Polar Mesospheric Clouds and Polar Stratospheric Clouds

Numerous phenomena in the Earth’s middle and upper atmosphere occur in layers that are typically limited in vertical extent but cover extensive horizontal areas. Examples include polar stratospheric clouds (PSCs) and polar mesospheric clouds (PMCs). Localized injections into the stratosphere from below, such as ash plumes from volcanic eruptions or smoke from pyrocumulonimbus (pyroCb) wildfire events, can also be transported by strong winds to spread globally and last for months. Measurements with limb viewing geometry are valuable in studying these phenomena because the long line-of-sight through the atmosphere can enhance an otherwise faint signal. Examples of limb observations for each type of event have been published recently (Tsuda et al., 2018; Bourassa et al., 2019; DeLand et al., 2020; DeLand and Gorkavyi, 2020; Torres et al., 2020; Gorkavyi et al., 2021). The source material for these clouds and plumes are primarily composed of relatively small particles (tens of nm to few hundred nm in radius), with varying composition (PMC = water ice, PSC = nitric acid trihydrate, volcano = ash, and sulfate, pyroCb = smoke). The small size of these particles means that the intensity of observed reflected light (near-UV, visible, near-IR) will be governed by Mie theory, and thus will vary significantly as a function of scattering angle. The periodic variation of observing phase angle shown in Figure 1A for a lunar sensor would be quite valuable for these atmospheric measurements. The resulting variation in phase function (and thus observed signal) can be used to help distinguish between different assumptions about particle size distribution and composition, which also affect the phase function.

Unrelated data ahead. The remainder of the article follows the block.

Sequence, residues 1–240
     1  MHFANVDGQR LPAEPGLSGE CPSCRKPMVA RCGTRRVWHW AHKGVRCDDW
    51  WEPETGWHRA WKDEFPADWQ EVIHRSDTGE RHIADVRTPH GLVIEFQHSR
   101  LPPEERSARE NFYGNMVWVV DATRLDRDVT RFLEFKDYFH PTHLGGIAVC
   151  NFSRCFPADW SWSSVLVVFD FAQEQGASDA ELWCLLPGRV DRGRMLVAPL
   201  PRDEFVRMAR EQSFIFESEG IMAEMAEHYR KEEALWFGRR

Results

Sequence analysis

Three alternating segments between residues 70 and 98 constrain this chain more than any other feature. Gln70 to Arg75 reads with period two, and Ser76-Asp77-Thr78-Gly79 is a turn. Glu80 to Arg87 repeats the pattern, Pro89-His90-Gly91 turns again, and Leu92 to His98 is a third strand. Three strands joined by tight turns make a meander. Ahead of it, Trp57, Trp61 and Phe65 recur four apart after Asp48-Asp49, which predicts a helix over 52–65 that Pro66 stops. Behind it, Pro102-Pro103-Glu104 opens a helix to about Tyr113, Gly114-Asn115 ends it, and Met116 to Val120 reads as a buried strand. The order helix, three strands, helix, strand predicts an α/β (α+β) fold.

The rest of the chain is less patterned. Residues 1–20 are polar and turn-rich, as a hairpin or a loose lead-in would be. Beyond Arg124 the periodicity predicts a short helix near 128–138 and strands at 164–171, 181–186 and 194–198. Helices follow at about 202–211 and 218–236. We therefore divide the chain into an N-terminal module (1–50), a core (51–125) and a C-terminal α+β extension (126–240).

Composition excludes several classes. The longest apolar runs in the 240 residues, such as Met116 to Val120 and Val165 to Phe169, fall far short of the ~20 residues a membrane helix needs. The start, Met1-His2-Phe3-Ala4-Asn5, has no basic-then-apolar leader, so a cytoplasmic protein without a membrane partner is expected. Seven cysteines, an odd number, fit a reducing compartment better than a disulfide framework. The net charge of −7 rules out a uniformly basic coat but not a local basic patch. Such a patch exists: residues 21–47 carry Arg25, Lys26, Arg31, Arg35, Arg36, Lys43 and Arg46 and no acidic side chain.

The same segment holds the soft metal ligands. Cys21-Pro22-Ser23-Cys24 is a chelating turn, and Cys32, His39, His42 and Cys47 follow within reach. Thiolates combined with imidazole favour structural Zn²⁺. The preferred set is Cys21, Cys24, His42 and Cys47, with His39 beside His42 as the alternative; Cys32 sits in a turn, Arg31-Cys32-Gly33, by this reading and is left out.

Monitoring Vegetation

Natural terrestrial surfaces scatter shortwave radiation into an angular reflectance pattern or Bidirectional Reflectance Factor (BRF). In vegetation canopies, the finite size of scatterers (e.g., leaves, coniferous shoots, etc.) can cast shadows. This causes the canopy “hot spot” effect, i.e., a sharp increase in canopy reflected radiation as the scattering direction approaches the direction to the Sun (Figure 6) (Ross and Marshak, 1988; Knyazikhin and Marshak, 1991; Kuusk, 1991; Myneni et al., 1991; Qin et al., 1996; Gerstl, 1999). The hot spot phenomenon is strongly correlated with canopy architectural parameters such as foliage size and shape, crown geometry and within-crown foliage arrangement, foliage grouping, leaf area index and its sunlit fraction (Ross and Marshak, 1991; Qin et al., 1996; Goel et al., 1997; Knyazikhin et al., 1998; Qin et al., 2002; Schull et al., 2011; Yang et al., 2017; Pisek et al., 2021). Angular signatures that include the hot spot region are critical for monitoring phenological changes in dense vegetation such as equatorial forests (Bi et al., 2015).